Tampered dignity: Dignity is valuable. Dignity in one’ s self, one’s family, one’s culture, one’s community, and one’s county is what motives people to help themselves and to help their own neighbors in need. When that dignity is comprised, however, people can easily accept being a charity case.
Now I’m going to try and say this as nicely as I can, but I must be honest. We (the foreigners) who come to aid the people of Haiti too often tamper with the average man’s dignity. We come in and provide for their families for them, we build their homes for them, we pay for their kids’ school for them, we build orphanages and take care of their kids for them, and we come lead in their churches for them. We do these things because we see the need and we care, but behind the scenes we are taking away the responsibilities of the local man.
Minimal accountability: Being accountable to your neighbor is difficult no matter where you live in the world, but it is a rare practice here in Haiti. A few years back I caught a former employee stealing money out of our office. The evidence was clear and even the local authorities agreed she was guilty. However the other employees and children I worked with excused her behaviors. Believing she was cursed to do these things and therefore was not in control over her behaviors, no one held her accountable.
I see this a lot in my teenagers as well. One boy recently lost something of value to my husband. When I approached him about it, I asked him what a mature man should do in this case (hinting that he should replace the lost item). “Well, I didn’t mean to lose it. It was just an accident. So it isn’t my fault,” he replied. And surprisingly enough, the others teens around him agreed. No accountability.
And this lack of accountability translates into a society of unaccountable men. A man here can easily walk away from a child, not work, and have multiple affairs. No one scorns him. Most people here just look the other way, put the blame elsewhere (i.e. lack of money), or contribute it to Voodoo.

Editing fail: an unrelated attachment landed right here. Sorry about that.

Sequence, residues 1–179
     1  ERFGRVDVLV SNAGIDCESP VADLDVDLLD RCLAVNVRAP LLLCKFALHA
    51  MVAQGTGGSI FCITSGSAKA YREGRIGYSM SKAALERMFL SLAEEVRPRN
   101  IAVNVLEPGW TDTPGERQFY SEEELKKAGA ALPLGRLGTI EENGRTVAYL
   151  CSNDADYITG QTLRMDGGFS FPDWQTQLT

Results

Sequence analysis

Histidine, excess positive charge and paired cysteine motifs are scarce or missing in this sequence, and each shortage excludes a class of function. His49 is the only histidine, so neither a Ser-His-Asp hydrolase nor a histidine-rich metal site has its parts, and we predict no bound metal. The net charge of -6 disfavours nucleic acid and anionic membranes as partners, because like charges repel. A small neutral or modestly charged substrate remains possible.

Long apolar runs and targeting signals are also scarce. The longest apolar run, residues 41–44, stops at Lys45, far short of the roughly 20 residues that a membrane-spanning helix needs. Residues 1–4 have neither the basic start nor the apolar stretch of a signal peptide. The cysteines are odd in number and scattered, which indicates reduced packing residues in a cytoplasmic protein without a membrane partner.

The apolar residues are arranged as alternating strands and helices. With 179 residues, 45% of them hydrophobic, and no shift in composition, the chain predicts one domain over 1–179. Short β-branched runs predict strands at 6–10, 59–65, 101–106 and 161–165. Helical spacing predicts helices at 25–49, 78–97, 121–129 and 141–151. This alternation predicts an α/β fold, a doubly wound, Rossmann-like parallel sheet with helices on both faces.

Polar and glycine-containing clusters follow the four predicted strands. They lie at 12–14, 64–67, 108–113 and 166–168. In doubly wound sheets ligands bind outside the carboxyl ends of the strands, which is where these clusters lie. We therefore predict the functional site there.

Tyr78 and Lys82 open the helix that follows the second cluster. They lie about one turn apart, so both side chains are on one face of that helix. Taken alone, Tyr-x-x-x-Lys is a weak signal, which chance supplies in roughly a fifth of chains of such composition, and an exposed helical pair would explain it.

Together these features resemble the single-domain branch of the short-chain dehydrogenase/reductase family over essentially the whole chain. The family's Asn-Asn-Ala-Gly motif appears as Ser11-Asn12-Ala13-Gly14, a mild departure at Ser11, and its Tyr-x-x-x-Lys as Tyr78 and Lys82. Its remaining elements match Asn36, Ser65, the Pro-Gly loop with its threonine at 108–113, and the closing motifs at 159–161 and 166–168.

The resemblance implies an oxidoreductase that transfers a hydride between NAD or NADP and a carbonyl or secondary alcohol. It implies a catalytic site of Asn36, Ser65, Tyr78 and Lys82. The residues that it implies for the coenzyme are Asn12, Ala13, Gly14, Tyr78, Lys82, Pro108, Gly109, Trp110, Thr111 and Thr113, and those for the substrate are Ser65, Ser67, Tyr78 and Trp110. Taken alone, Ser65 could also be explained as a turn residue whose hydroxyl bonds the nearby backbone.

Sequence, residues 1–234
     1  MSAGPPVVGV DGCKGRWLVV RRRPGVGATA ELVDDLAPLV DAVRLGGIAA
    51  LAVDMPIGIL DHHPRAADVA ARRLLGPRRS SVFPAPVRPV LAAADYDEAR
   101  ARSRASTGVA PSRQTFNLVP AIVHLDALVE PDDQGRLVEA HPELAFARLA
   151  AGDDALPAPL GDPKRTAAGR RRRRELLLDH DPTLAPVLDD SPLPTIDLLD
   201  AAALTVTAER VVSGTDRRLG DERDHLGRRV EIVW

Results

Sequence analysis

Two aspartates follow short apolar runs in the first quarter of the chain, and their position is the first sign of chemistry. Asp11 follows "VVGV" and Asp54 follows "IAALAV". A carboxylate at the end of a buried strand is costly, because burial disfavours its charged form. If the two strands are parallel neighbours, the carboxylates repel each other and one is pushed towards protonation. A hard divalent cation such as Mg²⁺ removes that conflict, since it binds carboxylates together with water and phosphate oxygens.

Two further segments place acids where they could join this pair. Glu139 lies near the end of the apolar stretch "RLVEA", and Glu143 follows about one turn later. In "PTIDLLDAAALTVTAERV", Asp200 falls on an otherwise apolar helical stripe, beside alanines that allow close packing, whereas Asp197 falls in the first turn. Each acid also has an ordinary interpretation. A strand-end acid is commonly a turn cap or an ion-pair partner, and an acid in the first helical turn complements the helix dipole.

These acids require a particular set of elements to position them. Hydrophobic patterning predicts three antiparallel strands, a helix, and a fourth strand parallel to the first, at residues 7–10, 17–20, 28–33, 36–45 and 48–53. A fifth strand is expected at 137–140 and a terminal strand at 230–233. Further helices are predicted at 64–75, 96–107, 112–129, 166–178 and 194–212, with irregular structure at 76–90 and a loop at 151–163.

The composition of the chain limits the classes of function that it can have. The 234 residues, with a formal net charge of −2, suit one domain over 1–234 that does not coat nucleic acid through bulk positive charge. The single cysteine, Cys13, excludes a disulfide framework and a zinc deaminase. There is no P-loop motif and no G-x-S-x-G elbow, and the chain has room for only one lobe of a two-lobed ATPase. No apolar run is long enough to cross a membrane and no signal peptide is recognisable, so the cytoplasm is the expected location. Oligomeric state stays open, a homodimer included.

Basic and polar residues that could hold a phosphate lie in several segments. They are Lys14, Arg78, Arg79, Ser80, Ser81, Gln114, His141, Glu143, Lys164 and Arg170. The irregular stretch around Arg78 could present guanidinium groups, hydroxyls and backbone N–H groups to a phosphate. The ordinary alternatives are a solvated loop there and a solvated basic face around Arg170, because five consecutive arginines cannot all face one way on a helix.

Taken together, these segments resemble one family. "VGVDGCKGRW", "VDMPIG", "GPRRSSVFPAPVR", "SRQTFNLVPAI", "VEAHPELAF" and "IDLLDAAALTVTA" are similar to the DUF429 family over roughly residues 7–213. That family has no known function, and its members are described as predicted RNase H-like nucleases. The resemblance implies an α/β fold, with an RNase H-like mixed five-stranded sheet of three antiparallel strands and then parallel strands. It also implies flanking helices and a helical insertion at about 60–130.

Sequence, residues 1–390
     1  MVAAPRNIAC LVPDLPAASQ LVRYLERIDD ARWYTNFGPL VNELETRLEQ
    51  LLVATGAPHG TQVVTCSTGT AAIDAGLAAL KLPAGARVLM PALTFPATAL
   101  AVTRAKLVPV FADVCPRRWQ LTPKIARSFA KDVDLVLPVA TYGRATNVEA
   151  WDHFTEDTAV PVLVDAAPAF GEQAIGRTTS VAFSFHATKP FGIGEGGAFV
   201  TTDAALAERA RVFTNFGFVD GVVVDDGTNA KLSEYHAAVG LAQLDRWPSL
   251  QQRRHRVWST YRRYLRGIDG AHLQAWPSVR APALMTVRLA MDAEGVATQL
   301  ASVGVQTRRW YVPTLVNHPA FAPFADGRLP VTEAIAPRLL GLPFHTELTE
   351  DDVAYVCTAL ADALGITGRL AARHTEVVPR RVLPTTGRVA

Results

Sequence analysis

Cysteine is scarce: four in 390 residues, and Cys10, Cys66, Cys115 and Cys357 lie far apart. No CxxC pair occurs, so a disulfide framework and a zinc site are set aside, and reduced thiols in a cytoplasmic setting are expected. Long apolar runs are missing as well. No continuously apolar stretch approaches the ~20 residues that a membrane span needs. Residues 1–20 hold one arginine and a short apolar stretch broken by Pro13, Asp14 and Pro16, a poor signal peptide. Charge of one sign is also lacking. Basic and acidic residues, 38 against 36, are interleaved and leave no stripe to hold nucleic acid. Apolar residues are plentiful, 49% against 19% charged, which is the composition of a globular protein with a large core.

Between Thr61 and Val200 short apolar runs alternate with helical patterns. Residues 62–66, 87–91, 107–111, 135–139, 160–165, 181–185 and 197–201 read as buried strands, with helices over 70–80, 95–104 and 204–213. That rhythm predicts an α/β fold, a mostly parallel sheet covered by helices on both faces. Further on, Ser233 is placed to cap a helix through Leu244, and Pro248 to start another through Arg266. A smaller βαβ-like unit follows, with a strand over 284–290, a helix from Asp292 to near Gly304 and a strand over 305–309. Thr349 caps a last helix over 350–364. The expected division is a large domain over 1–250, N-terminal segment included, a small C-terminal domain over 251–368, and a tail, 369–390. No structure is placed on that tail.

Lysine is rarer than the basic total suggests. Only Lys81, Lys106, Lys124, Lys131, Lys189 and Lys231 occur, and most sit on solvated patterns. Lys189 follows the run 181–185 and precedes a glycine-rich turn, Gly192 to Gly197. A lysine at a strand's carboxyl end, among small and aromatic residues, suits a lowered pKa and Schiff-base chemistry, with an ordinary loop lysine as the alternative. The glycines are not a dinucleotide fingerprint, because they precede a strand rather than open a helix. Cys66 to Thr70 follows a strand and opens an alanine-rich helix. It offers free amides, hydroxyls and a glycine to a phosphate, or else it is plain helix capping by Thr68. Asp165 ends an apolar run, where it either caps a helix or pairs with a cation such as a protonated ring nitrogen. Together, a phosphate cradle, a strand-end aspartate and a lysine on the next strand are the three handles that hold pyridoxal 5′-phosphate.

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The saying is trustworthy: If anyone aspires to the office of overseer, he desires a noble task. Therefore an overseer must be above reproach, the husband of one wife, sober-minded, self-controlled, respectable, hospitable, able to teach, not a drunkard, not violent but gentle, not quarrelsome, not a lover of money. He must manage his own household well, with all dignity keeping his children submissive, for if someone does not know how to manage his own household, how will he care for God’s church?
1 Timothy 3:1-7
Lack of expectations, tampered dignity, and minimal accountability are all contributors to the manless epidemic in so many Haitian homes. But what about the church? Where does it fall into place?
Well, if a man can’t fulfill his God given duty to lead in his own home how can he lead in the church? In 1 Timothy 3:4 Paul says that an overseer of the church must first be able to oversee the affairs in his own home respectfully. For “if anyone does not know how to manage his own family, how can he take care of God’s church?”
And this perfectly explains the scene I described above from our church. The men aren’t stepping up and leading in the church, barely even participating, because many of them have no practice even stepping it up in their own homes.
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Working with teenage boys here in Haiti, I have often struggled as I watch the lack of strong male influences in their lives. What kind of men will they grow up to be? Will they provide for their families? Will they commit to their wives? Will they raise their own children? Will they be leaders in their church or just join the other men in the back pew? Can our boys help break the cycle of absent men in Haiti. I pray so. Everyday, I pray so.